As a child the only place I was allowed to go to after school was the library. It was there that I found a series of books on the unknown and magick that eventually led me to the world of witchcraft. My journey extended beyond the library and into the one or two occult bookshops in the city. Back then, these were the only places you could find guidance in Wicca. Nowadays, everything occult is at your fingertips via an internet search or a stroll through a regular bookstore. But while time has technically advanced and popularized what was once hidden, a modern day Wiccan practitioner prefers creating their individual spell books and collecting actual books for their personal collections. Lucy Cavendish’s Book of Shadows and Light is an illustrated journal that provides a private space, as well as guidance for a novice in the world of magick.
The book opens up off with a note, “You, yes you — you bright, brave, soul…” and a photo of a woman (I believe it’s Cavendish by the silhouette), welcoming the sun. It is a warm greeting, like a hug, and it sets a tone that permeates the rest of its pages. There are detailed explanations of the lunar phases, solstices, and a mini glossary that creates a foundation for the magical practitioner. These are informative insights that anyone could find in a witches’ how-to, but Cavendish personalizes the text by addressing her writing with awe and reverence for the craft. Symbolic filigree frame the pages that are to be filled by the owner with observations and spells — these pages also contain inspirational quotes by Cavendish, as daily encouragements and focus for the reader.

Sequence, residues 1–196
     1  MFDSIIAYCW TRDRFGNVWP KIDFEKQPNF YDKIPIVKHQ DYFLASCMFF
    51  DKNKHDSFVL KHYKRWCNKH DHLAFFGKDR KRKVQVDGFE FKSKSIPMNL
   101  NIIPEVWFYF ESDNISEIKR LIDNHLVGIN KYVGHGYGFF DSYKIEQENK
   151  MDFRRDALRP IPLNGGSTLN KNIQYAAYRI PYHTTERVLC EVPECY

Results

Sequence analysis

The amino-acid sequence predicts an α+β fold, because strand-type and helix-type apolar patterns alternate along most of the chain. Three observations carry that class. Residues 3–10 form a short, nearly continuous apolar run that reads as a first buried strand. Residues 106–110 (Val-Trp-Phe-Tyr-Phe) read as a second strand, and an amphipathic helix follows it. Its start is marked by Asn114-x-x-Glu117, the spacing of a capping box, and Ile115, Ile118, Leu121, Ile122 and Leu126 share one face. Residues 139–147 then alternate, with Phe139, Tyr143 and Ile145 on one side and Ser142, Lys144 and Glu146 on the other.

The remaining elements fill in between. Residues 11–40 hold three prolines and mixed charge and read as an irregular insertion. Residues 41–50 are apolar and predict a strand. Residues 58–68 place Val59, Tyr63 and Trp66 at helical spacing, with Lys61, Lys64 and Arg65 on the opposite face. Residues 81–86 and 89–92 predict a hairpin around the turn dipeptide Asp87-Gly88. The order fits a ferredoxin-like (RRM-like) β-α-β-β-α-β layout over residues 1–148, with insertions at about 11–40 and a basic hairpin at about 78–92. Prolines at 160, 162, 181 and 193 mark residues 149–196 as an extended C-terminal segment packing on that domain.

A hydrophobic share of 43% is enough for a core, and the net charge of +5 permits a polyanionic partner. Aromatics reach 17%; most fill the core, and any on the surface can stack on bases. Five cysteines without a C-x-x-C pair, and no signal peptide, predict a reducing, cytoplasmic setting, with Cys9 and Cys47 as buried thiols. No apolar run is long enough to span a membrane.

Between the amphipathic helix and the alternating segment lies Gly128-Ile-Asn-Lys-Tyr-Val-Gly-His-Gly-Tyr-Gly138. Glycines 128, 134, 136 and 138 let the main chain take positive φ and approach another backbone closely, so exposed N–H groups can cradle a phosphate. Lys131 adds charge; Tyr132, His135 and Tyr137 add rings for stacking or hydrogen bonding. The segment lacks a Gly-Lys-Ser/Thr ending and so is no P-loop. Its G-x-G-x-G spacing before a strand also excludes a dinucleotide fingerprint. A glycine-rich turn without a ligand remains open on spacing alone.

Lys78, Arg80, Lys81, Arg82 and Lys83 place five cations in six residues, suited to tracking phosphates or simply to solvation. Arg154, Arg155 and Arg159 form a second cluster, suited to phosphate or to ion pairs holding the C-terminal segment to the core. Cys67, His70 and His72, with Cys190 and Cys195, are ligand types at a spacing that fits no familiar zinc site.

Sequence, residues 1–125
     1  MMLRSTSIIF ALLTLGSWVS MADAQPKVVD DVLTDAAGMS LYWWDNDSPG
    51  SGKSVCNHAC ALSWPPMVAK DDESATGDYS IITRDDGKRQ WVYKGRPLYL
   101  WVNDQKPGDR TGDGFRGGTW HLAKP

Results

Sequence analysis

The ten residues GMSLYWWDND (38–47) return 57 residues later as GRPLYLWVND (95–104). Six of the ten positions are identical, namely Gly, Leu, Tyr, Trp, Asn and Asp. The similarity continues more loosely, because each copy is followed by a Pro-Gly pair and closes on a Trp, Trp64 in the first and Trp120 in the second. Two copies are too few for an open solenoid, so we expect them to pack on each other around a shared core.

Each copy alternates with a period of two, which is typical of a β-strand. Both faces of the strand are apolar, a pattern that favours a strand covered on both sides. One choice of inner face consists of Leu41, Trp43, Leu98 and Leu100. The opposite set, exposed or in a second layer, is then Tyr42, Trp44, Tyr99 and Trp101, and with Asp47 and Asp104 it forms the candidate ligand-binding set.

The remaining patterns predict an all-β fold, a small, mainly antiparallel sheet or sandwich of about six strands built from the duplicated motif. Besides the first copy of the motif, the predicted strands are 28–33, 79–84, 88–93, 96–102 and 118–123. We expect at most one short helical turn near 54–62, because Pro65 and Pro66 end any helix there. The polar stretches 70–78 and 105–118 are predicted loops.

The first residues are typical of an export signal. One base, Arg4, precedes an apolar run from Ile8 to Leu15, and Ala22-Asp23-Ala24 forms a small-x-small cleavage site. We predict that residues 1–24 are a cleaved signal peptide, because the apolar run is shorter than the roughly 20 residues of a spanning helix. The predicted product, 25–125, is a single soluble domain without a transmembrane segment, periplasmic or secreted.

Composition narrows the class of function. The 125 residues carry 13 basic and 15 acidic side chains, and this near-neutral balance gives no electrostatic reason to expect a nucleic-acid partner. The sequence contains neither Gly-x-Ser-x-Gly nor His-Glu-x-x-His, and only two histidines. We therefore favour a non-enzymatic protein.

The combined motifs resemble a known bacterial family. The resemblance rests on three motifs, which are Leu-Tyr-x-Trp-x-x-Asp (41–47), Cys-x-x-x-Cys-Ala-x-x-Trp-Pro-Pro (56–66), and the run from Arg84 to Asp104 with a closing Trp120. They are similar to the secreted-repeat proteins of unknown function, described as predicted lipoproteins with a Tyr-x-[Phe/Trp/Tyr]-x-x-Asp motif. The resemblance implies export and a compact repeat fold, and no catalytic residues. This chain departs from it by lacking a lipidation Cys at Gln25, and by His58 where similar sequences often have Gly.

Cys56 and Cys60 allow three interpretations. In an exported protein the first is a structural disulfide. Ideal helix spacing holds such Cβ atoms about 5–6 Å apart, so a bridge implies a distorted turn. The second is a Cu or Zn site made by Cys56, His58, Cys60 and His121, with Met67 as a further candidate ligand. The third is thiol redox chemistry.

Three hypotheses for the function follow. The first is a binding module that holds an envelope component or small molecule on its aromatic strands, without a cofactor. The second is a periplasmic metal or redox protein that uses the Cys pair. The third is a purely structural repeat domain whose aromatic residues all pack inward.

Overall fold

Book of Shadows and Light is beautiful. It has a purple and black cover (wisdom and grounding colours) that fold in, thereby creating spaces for keepsakes. There are gorgeous illustrations and sections of the book which act like meditative breaks. Since there are no instructions on what to do with the blank spaces provided, the owner is free to creatively express themselves however they wish. The last pages contain basic spells curated by Cavendish to align with the spirit of the book as a formative self-created textbook for a witch’s work.
I wish I had a notebook like Lucy Cavendish’s Book of Shadows and Light when I first got into collecting spells and journalling. I can see myself personalizing it with doodles, thoughts, and drawings. You can use it for almost any sort of intuitive or meditative writing, even though the pentagram on the cover suggests its official use. However, if you are of a sorcery mindset and looking to confidentially store spiritual musings and charms, this book could be a nice addition or foundation for your collection.